Nine out of ten consumers have never heard of the concept ‘circular economy’, a new survey has found. The results, collated by The Pull Agency, reported that 87% of UK consumers do not know the term for the economic system, which is aimed at eliminating waste, despite 88% claiming to look for sustainability credentials when shopping for beauty and personal care products. In addition, only 9% of respondents said they have sent a jar back to a manufacturer for refills and only 14% have used a refill service, even though 15% of shoppers want more in-store refill stations to reuse existing containers.
Soot particles from oil and wood heating systems as well as road traffic can pollute the air in Europe on a much larger scale than previously assumed. This is what researchers from the Leibniz Institute for Tropospheric Research (TROPOS) conclude from a measurement campaign in the Thuringian Forest in Germany. The evaluation of the sources showed that about half of the soot particles came from the surrounding area and the other half from long distances.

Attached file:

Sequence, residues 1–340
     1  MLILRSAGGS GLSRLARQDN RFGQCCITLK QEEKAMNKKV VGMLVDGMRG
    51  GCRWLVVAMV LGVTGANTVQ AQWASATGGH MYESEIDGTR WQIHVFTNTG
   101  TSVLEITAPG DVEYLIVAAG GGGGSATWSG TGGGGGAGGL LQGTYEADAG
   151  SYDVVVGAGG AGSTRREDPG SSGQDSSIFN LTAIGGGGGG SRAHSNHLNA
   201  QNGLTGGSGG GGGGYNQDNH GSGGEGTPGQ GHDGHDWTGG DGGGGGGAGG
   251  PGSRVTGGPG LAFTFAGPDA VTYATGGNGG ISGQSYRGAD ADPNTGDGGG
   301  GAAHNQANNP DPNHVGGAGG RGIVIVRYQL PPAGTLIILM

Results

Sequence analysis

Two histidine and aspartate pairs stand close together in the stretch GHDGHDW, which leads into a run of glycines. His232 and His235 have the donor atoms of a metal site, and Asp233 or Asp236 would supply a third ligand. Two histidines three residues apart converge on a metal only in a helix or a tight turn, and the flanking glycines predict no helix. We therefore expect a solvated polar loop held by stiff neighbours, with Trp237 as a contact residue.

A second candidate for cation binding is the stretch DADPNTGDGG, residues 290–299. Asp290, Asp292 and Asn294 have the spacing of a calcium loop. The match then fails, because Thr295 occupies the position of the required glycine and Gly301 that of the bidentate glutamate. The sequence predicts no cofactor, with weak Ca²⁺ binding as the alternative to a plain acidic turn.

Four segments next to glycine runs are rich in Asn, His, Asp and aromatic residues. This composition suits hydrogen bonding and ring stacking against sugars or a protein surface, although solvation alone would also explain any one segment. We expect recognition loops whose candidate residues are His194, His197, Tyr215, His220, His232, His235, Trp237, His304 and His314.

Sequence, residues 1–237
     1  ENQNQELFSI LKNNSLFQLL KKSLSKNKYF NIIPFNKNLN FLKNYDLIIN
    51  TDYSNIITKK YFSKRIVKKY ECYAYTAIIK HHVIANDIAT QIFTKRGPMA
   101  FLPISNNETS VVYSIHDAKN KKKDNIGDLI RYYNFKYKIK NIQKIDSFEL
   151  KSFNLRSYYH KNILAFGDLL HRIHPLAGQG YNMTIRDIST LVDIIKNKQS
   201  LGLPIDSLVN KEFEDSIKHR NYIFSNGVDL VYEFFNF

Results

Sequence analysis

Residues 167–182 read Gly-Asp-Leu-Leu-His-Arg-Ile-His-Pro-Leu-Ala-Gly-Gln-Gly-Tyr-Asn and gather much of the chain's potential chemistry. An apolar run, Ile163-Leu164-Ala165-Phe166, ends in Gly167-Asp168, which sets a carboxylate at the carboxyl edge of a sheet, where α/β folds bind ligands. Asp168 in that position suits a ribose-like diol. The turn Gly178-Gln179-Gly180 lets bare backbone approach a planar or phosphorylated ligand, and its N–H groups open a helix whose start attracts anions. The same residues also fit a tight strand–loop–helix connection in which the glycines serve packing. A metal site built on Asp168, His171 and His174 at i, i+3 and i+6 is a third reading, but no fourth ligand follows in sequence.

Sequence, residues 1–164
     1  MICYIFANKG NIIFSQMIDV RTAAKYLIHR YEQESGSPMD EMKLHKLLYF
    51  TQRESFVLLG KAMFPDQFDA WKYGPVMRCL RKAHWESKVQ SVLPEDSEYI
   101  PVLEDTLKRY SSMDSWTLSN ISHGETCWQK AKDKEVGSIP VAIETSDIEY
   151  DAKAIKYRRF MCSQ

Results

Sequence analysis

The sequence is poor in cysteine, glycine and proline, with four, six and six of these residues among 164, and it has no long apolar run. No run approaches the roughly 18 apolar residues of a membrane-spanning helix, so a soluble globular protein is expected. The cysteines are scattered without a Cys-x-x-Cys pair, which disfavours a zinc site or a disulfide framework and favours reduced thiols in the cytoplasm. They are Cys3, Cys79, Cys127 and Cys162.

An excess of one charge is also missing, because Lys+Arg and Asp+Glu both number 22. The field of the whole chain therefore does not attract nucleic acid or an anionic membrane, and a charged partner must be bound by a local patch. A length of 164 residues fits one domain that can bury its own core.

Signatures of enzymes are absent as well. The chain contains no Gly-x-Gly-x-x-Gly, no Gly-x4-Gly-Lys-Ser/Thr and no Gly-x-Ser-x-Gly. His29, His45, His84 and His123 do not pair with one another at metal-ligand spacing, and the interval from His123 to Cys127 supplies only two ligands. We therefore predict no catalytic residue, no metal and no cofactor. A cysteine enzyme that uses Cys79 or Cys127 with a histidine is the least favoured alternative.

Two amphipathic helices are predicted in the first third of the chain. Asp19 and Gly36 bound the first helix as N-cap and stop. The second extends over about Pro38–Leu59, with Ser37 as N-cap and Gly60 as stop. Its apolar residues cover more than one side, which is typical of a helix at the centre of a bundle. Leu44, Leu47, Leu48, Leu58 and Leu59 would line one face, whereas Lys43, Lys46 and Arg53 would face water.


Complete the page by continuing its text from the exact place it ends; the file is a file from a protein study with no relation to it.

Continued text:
The IIT-Madras said its researchers have developed a sustainable antimicrobial wrapping material that can prevent packaged food contamination by bacteria as well as reduce the plastic waste.
Nearly 800 million people globally are considered undernourished, and over 2 billion lack year-round access to adequate food. Many well-intentioned companies have attempted to address this issue, designing and selling affordable, nutritious products in developing countries. But unfortunately, these companies often forget one factor that is key to achieving their impact goals: Nutritious food products must be consumed frequently and consistently in sufficient quantities to produce positive health impacts. This in turn requires food companies to create consumption routines for consumers, while ensuring constant product availability. While penetration (i.e., the percentage of potential consumers who actually consume their products) has always been a key metric for food companies, few of these businesses focus on ensuring high consumption frequency for their products – including the companies marketing nutritious foods.
The daily shower would be hard to sustain in a world without fossil fuels. The mist shower, a satisfying but forgotten technology which uses very little water and energy, could be a solution. Designer Jonas Görgen developed a do-it-yourself kit to convert almost any shower into a mist shower and…